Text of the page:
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published on march 23, 2020
Last updated on June 7, 2020
🎥Watch: AP Calculus AB/BC - Continuity, Part II
This is the first topic dealing with continuity in unit 1. Until this point, our main focus was limits and how to determine them. However, a large part in finding and determining limits is knowing whether or not the function is continuous at a certain point. In topics 1.9 - 1.13, we will discuss continuity and different types of discontinuities you will see on the AP Exam.
There are four types of discontinuities you have to know: jump, point, essential, and removable.
If the left and right-handed limits aren’t equal, then the double-handed limit does not exist (DNE). In this scenario, we would have a jump discontinuity. The graph of that would look something like this:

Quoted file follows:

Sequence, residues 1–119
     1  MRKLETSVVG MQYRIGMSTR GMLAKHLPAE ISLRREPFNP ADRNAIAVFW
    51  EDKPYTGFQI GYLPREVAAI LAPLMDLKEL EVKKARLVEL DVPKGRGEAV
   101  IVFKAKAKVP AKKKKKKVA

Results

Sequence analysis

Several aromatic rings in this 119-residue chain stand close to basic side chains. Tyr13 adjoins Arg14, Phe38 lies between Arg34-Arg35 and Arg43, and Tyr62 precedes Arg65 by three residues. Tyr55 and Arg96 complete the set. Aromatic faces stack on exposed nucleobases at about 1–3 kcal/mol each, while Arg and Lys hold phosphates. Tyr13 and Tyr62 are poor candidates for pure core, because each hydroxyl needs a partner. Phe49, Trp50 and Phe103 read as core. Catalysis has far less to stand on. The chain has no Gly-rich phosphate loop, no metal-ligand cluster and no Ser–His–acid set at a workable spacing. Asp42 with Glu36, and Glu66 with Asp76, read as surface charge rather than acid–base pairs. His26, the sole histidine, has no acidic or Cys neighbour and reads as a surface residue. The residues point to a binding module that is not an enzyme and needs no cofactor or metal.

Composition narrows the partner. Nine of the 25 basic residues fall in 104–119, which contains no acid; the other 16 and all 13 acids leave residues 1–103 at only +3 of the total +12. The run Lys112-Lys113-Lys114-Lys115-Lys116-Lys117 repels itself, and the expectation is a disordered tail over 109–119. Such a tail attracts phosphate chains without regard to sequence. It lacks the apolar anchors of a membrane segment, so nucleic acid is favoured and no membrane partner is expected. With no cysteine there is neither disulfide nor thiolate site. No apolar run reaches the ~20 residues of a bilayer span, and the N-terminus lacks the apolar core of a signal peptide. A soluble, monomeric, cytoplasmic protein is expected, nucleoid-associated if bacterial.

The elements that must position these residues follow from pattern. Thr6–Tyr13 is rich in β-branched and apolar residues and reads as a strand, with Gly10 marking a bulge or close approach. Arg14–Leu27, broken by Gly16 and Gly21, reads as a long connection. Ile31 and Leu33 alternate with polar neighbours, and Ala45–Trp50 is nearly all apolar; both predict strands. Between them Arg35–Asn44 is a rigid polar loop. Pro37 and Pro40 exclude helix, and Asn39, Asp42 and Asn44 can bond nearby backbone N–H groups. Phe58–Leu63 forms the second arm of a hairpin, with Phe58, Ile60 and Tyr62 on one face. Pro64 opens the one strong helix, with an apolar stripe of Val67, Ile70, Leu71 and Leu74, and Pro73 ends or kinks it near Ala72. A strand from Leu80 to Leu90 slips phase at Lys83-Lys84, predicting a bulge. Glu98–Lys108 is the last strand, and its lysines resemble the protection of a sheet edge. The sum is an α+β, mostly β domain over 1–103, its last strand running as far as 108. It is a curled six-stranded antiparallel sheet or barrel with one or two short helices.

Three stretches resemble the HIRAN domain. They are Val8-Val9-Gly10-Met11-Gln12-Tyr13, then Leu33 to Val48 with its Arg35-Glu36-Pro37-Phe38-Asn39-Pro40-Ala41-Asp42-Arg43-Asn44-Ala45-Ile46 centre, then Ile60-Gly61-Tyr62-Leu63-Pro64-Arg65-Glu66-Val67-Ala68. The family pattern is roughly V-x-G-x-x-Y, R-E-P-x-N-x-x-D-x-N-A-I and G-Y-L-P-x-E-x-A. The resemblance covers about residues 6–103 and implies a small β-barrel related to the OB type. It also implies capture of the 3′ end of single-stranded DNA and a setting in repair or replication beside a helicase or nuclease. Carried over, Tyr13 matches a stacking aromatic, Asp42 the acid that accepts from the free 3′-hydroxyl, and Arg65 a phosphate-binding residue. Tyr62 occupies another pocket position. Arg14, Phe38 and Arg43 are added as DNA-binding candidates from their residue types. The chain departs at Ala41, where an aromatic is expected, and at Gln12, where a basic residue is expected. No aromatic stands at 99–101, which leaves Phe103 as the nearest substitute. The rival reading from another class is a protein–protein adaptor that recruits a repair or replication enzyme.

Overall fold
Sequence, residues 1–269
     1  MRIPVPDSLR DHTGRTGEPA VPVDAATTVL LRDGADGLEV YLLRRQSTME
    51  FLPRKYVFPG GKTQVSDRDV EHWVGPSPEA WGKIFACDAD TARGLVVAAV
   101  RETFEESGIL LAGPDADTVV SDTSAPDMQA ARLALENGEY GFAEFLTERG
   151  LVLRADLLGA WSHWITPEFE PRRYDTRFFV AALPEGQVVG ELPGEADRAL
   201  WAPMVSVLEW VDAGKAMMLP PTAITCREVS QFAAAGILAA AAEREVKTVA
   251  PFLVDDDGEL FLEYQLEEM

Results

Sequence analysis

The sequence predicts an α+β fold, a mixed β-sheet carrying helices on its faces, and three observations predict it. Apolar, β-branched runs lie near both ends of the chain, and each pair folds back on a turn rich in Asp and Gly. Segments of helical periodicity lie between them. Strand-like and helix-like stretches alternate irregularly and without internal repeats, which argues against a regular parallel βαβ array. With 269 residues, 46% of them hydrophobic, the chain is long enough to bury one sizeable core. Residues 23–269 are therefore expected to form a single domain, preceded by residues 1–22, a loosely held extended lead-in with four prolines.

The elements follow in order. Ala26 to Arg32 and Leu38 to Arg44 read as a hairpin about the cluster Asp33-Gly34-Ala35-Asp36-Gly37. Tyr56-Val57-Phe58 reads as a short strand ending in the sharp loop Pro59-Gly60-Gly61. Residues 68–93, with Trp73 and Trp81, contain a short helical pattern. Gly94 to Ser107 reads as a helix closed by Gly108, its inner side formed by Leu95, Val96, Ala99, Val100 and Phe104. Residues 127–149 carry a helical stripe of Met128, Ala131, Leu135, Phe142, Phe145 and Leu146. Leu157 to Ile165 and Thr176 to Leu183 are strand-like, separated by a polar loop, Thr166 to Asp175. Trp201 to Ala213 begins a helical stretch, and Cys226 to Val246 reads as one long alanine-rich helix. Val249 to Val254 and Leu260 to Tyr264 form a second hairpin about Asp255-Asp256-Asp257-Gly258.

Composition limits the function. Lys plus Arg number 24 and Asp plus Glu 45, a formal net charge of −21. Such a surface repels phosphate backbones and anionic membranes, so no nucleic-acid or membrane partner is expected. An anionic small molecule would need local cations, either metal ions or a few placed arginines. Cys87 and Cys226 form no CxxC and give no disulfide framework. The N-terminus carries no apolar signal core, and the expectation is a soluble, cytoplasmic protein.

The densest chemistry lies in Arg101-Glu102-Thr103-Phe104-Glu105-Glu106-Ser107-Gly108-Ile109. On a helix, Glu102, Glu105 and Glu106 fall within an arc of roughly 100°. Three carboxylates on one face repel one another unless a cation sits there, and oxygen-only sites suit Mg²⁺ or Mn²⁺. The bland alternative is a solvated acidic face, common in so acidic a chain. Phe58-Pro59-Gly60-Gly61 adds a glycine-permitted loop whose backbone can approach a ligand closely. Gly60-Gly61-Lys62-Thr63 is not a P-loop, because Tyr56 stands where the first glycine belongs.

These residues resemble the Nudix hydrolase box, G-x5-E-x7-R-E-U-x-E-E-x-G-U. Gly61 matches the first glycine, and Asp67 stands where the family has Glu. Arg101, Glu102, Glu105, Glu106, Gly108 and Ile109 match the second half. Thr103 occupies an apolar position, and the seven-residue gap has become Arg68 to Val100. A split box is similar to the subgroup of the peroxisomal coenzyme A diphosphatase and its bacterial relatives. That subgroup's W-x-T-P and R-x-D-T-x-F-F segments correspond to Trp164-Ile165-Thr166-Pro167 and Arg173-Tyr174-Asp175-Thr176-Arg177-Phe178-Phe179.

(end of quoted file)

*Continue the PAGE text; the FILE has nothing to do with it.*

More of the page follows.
As you can see, there is a break in the physical continuity of the graph at x. If the limit from both sides is different, how can we find a specific value that the function approaches? We cannot. Thus, the limit DNE.
A point discontinuity occurs when the function has a “hole” in it from a mission point because the function has a value at that point that is “off the curve.”
An essential discontinuity occurs when the curve has a vertical asymptote. This is also called an infinite discontinuity.
This last discontinuity is fairly common. A removable discontinuity occurs when you have a rational expression with a common factors in the numerator and denominator. Because these factors can be cancelled, the discontinuity is “removable.”
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